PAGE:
The story is fairly simple, just enough to get the ball rolling, really. You take on the role of a young man living in the small medieval village of Glendoe. It’s the kind of sword and sorcery setting that I would frequently enjoy in my ritualistic Friday Night games of the pen and paper version of Dungeons & Dragons. The last words of your dying father and an ominous warning about a demon called Sorsabal lead you to investigate the long-abandoned dungeons on the outskirts of town. Another thing that makes me all warm and fuzzy inside is the way the story is set up. At the beginning of the game and interspersed throughout are sections of story text set on a hand painted backdrop and dramatically read to you by a voice actor. Again, this reminds me of a Dungeons and Dragons game when the Dungeon Master trying to set the mood before the start of an adventure. It gives Demon War that classic 1990-2000 PC era medieval RPG feel to it, even though it was created in 2017. And that’s not the only thing about the game that makes it feel like an oldie but a goldie.
The battles are turn-based and reminiscent of most dungeon crawlers, the Wizardry series especially. All that is seen of your characters are their portraits, whereas the enemies are displayed fully and in great detail. They aren’t just static pictures either; they expand and contract slightly to give them a living, breathing appearance. The enemies of Demon War can range from the mundane to the demonic. There are quite a few different enemy types, which surprised me considering the length of the episode. I assume most of them will be reused for the next episodes, but that remains to be seen. Most of the encounters in the game are random, while there are a few cases where enemy sprites populate the map and battles are started by touching them. The battles can be a challenge, especially if you are not properly prepared. I died quite a few times in the beginning. Hell, even later on in the game when I was hitting my stride and stomping monsters left and right I almost got taken out in one shot by an enemy’s surprise magic spell. Luckily, the save feature is very generous: it allows you to save anywhere at any time, as long as you are not in a battle.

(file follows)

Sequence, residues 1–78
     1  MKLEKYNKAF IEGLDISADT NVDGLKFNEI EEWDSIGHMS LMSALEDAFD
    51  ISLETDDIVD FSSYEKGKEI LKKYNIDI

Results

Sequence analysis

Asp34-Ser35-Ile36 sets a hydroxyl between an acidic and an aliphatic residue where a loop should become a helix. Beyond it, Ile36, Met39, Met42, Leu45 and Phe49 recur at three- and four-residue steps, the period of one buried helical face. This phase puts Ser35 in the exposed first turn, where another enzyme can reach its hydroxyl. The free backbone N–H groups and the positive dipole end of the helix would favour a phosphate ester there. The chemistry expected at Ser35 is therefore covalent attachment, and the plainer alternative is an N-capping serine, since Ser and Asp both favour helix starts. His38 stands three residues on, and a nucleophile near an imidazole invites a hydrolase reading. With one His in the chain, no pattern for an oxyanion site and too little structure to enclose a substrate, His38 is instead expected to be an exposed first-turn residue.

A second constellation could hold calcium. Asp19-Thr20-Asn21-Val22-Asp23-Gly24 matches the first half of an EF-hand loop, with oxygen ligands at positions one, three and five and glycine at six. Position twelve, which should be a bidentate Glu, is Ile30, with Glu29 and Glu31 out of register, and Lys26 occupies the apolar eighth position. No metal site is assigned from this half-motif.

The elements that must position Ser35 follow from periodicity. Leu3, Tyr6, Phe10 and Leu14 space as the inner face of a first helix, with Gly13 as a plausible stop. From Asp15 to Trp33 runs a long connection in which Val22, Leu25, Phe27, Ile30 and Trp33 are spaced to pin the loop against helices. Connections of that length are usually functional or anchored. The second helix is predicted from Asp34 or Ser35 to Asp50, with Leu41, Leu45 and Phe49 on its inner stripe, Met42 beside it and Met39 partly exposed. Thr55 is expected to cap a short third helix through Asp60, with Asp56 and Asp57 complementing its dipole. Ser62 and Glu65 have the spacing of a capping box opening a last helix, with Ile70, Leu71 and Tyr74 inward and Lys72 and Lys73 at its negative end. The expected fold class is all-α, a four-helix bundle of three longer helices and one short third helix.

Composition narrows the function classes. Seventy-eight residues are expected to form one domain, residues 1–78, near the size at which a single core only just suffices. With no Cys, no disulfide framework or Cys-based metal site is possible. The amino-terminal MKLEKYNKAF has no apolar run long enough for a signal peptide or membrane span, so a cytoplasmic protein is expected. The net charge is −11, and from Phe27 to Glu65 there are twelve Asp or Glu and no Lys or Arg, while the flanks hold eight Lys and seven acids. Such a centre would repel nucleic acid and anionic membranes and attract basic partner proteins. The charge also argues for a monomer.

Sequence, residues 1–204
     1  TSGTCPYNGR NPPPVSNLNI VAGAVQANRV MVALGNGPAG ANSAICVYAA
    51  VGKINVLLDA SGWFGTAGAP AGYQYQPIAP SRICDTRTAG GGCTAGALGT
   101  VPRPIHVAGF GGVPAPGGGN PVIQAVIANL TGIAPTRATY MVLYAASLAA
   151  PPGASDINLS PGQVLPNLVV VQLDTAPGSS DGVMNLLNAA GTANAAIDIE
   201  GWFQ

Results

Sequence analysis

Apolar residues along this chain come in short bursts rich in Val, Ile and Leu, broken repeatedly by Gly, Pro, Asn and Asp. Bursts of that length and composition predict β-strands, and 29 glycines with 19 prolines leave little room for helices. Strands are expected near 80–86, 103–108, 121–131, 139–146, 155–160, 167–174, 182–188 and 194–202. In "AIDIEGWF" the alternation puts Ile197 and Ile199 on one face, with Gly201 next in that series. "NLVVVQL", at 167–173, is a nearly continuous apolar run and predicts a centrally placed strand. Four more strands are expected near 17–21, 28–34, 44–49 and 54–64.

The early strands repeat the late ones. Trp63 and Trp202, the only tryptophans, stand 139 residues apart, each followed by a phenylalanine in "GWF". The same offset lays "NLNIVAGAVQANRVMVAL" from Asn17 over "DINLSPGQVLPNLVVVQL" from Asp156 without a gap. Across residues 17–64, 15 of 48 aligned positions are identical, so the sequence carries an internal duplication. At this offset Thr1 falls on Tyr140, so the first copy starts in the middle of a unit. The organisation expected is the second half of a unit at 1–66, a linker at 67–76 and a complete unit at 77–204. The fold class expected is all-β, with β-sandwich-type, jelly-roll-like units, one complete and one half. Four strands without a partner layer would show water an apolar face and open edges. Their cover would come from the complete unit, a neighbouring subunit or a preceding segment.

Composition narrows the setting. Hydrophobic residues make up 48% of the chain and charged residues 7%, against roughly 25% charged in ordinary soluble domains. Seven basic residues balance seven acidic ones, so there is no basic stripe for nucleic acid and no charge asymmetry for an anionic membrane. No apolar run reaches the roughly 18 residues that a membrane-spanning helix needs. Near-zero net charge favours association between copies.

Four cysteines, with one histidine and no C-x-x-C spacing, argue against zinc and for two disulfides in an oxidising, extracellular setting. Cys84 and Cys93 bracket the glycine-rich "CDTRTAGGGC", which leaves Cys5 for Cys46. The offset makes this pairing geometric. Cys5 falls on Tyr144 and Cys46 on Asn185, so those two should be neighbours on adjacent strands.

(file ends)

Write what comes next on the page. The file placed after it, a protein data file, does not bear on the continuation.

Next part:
I only have a couple of small complaints with this game. First off are the small technical glitches. One time I accidentally walked into a door that required a numbered combination to unlock. I didn’t have the right code, and yet I could back out in any way. I was stuck in the number entry menu with no other recourse but to restart the game and lose my unsaved progress. Secondly, is using the WASD configuration. You can use a mouse/keyboard combo to play, but I much prefer using the keyboard, as it is much more accurate to move around with on a 2D plane. However, sometimes the game would stop accepting keyboard commands when it came to advancing conversations, forcing me to use the left-click of the mouse instead. Not a big problem, but an annoying one nonetheless.
To sum it all up succinctly; Catacombs 1: Demon War is a challenging - yet short - modern day classic RPG. It’s an incredibly low price, it can be beaten in an evening so it won’t add to ye olde backlog, and the battles have enough bite to them to make things interesting. To top it all off, decent graphics and a great accompanying musical score. If you want a quick but satisfying RPG with a classic medieval feel, take a sojourn in Demon War.
*Note: A copy of this game was provided for the purpose of the review
+ Challenging battles
+Good musical score
- A few technical foibles
- Some may be put off by its length